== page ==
5 min readCulture 16 September 2020
2018's Black Panther was, and continues to be, one of the mainstream Hollywood films most celebrated within the Black community, and for good reason. For so many Black Americans, this was not just a movie. It was a vision of something that, until the film's release, existed only in many of their dreams and imaginations—a vivid, exhilarating, jubilant celebration of Blackness and African traditions and motifs, with every aspect of the film's production (e.g. costuming, makeup, music, production design) helping to bring that vision to stunning life.
Black Panther centered Blackness while also decentering Whiteness like few Hollywood films before it, and it did so in ways so varied and numerous that an entire book, let alone a single article, cannot possibly do justice to them all. I would know, having recently edited such a book.
Black Panther centered Blackness while also decentering Whiteness like few Hollywood films before it, and it did so in ways so varied and numerous that an entire book, let alone a single article, cannot possibly do justice to them all.
In Why Wakanda Matters: What Black Panther Reveals About Psychology, Identity, and Communication, my co-contributors and I seek to unpack some of the many ways that the movie was nothing short of a revelation for Black people. Understanding these ways can also help us understand why the recent death of actor Chadwick Boseman has had such an impact on the Black community and why it feels so personal. Black Panther was not just a movie, you see, and Chadwick Boseman was not just an actor. Both were symbols—of things that never were but could have been, and of things that are not but perhaps someday could be.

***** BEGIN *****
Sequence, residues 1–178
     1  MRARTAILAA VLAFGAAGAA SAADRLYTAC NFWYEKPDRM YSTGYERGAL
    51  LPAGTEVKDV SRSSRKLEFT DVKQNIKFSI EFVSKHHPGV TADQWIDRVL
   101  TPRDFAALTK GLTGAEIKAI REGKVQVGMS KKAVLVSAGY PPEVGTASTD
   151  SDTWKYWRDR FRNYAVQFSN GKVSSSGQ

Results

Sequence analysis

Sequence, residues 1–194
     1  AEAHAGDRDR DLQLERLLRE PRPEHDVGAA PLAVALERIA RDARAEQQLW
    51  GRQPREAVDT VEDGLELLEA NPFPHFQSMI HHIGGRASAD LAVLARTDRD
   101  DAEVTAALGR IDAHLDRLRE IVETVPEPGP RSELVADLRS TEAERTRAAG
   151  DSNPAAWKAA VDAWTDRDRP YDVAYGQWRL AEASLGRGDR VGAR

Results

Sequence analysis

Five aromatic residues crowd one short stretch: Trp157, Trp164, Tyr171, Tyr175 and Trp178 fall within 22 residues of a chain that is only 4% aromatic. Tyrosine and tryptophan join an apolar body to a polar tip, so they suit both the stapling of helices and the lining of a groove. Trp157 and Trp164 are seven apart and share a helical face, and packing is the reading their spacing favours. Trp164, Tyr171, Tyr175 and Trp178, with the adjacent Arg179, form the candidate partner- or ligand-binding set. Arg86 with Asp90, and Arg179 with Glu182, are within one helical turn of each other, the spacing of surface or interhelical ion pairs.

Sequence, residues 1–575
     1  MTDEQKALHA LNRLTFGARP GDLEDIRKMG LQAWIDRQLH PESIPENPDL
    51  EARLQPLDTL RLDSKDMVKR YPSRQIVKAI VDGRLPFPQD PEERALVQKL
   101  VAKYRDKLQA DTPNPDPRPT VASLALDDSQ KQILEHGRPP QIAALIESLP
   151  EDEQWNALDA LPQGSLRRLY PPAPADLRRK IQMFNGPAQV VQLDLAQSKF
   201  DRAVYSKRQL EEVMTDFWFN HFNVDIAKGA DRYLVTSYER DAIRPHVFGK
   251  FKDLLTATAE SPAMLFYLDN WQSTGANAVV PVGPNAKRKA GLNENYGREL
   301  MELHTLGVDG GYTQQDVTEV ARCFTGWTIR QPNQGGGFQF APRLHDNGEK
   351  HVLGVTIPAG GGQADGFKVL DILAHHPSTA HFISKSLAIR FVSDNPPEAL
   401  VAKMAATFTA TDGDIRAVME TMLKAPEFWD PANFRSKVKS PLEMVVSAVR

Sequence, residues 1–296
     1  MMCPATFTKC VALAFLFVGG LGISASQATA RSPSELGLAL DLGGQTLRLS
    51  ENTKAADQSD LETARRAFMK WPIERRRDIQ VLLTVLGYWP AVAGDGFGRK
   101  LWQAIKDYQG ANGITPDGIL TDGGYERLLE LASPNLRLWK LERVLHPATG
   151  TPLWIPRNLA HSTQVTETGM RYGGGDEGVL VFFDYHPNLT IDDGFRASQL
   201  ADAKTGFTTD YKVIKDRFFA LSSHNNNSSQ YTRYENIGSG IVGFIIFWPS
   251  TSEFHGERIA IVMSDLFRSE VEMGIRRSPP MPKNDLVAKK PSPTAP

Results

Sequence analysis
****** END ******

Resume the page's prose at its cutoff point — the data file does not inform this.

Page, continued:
Understanding Why Wakanda Matters So Much
Why Wakanda Matters explains how Black Panther reaches the very core of some of the deepest issues of Black identity, representation, identification, trauma, and healing. Several of the chapters discuss how the movie depicts a stark contrast between Black people living with the deep traumas of ongoing, systemic racism and oppression and a fictional vision of a Black society, Wakanda, that is untouched by this.
In a simplified form, we see this dichotomy reflected in the juxtaposition between Killmonger and T'Challa. If Killmonger represents the brutal legacies of slavery and colonialism, then Wakandan culture and society whisper possibilities of the pathways toward healing, in part through the reclaiming of innumerable birthrights that slavery and colonialism have taken away from Black people: connection to cultural roots and heritage, healthy self-identities, and even just the rudimentary fulfillment of basic needs like safety, nurturing, and opportunities for growth and advancement.